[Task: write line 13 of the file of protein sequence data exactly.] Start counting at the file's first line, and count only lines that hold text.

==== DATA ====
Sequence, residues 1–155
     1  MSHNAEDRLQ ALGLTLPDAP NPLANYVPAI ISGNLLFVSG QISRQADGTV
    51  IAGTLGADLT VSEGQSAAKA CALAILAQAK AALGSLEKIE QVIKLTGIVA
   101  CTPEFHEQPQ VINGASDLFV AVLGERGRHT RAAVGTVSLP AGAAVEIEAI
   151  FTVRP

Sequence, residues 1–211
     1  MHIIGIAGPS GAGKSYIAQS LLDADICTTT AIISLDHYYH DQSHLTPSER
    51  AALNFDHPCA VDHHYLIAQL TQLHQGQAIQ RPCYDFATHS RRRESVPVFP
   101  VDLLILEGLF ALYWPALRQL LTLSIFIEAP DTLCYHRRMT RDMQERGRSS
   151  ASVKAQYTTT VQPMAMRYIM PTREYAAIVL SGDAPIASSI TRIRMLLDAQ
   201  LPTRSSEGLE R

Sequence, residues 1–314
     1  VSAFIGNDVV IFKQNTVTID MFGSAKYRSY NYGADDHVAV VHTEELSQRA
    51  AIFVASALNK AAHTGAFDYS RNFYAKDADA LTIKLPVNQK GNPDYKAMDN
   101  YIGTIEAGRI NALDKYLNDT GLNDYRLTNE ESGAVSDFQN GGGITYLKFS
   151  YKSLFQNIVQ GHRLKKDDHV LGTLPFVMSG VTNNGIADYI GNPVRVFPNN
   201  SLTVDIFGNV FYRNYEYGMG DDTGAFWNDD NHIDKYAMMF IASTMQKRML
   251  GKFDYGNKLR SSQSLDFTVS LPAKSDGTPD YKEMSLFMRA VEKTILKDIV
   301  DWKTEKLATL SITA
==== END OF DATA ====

     1  VSAFIGNDVV IFKQNTVTID MFGSAKYRSY NYGADDHVAV VHTEELSQRA